There’s been a long heated debate within the industry about the need to certify User Experience practitioners.
Certifications provide some indication that a minimum threshold of competence has been demonstrated, which in theory should help prospective employers, customers, and the industry as a whole. Certification may even be helpful with the perennial confusion between UI and UX.
While this debate will continue, several organizations already offer varying degrees of certifications, including HFI and Nielsen Norman Group, and there are certified university courses (including our own UX Boot Camp).
Certification is a challenging topic, as is higher education in general, because it involves multiple prongs that are debated:
- The content and experience one needs
- The credential one receives
- The cost—usually a non-trivial amount of money
While there will inevitably be some disagreement on what content should be included in a certification program, there’s likely high agreement on several core concepts and activities. So while few can argue against the benefits of the knowledge and experience gained from a certification, many do wonder whether the credential and its corresponding cost are worth the price.
After all, a motivated person can read a few books and papers, watch free online videos, and conduct some projects to get real-world experiences and knowledge (just as in higher education). As Matt Damon’s character colorfully expressed in Good Will Hunting:
“You dropped 150 grand on an education you could have got for a dollar fifty in late charges at the public library!”
I explored a similar topic 7 years ago when examining whether a PhD was worth the price. The short answer was, on financial grounds alone, there is increased pay for practitioners with PhDs. However, the increased salary generally doesn’t overcome the years of deferred income from being out of the workforce (the knowledge and experience can of course be invaluable).
With professional certifications, there isn’t years of deferred cost from being out of the workforce, but there is the cost and some time. Most certification courses cost between $3,000 and $10,000 and cover everything from usability testing essentials to UX design and principles and usually last a few days to weeks.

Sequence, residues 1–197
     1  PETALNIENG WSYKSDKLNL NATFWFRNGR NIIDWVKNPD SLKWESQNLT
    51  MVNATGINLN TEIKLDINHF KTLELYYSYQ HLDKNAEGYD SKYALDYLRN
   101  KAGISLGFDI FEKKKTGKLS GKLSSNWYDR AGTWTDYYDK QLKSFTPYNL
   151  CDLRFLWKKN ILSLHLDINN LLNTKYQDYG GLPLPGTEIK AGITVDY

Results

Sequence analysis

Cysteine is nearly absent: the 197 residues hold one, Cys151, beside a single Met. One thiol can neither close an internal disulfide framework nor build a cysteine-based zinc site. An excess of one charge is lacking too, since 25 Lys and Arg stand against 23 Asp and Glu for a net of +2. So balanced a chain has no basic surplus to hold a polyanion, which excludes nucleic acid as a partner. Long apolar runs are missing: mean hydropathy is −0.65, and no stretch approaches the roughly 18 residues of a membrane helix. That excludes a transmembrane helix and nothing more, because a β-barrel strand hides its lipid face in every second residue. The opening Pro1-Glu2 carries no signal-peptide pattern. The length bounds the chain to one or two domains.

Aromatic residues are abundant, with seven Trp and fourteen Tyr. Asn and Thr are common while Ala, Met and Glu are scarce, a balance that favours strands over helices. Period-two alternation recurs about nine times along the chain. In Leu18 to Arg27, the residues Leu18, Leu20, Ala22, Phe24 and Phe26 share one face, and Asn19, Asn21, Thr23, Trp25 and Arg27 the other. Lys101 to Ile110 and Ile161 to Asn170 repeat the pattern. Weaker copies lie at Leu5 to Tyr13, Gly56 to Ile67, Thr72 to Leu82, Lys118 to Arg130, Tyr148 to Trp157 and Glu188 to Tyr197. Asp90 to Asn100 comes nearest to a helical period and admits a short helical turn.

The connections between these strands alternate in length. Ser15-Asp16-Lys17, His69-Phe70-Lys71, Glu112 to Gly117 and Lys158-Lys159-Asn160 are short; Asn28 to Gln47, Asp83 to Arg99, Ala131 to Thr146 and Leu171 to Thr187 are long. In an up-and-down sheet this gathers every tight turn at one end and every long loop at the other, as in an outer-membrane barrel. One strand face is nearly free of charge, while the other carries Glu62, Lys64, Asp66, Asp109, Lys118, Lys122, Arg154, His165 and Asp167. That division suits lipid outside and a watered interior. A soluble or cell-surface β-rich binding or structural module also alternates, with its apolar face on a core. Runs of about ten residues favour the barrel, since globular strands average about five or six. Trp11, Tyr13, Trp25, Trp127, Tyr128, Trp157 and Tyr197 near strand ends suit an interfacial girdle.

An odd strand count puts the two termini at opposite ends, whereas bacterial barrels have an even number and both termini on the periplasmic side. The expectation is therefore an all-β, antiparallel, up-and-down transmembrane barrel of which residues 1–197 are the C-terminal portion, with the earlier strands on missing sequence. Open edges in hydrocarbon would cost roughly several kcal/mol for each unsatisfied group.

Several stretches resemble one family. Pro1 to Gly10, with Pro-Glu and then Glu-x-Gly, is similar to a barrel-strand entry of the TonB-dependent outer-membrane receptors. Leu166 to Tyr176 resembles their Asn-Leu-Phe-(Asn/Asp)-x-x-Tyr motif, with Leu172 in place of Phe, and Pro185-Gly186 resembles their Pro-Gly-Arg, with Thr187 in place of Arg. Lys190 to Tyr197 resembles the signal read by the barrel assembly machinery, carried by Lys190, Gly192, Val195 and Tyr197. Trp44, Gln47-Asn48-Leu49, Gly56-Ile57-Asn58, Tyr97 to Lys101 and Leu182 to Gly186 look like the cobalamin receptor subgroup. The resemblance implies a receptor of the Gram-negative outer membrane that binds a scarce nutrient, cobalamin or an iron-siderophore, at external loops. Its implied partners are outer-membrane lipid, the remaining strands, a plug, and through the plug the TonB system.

To understand whether there is any evidence of financial gain from obtaining a certification, I examined the UXPA salary data from 2016 that we reported earlier this year. Among other things, participants were asked whether they have any certifications.
Of the 1,355 survey responses, 324 (24%) had some type of UX certification, either from a private company (like HFI or Nielsen Norman group) or an academic affiliation. Of the 1,355 responses, 1,226 had some usable salary data and 292 of these had some type of certification (7 respondents had more than one certification).
I found no statistical difference between the mean (log-transformed) salaries of respondents with certifications and those without (p = .25). In fact, the nominal salary is actually 4% lower for those with certifications in general (right side of Figure 1 below).
Figure 1 also shows the average (log-transformed) salaries for respondents by certification type. Only certification types with at least 10 responses are shown (not shown are CPE/AEP/CEA, CHFP/AHFPC, CBA/CBAP, and “other” responses).
University and academic certificates have the greatest portion of certificates (129 of 292 or 44% of all certifications) but also had a mean salary about 17% lower than respondents without any certification (p< .01). The next largest group was from HFI’s CUA/CXA program with 75 participants (26% of the certifications), which was the only certification program that had a higher nominal average salary than participants without a certification (although the difference is not statistically significant, p = .15).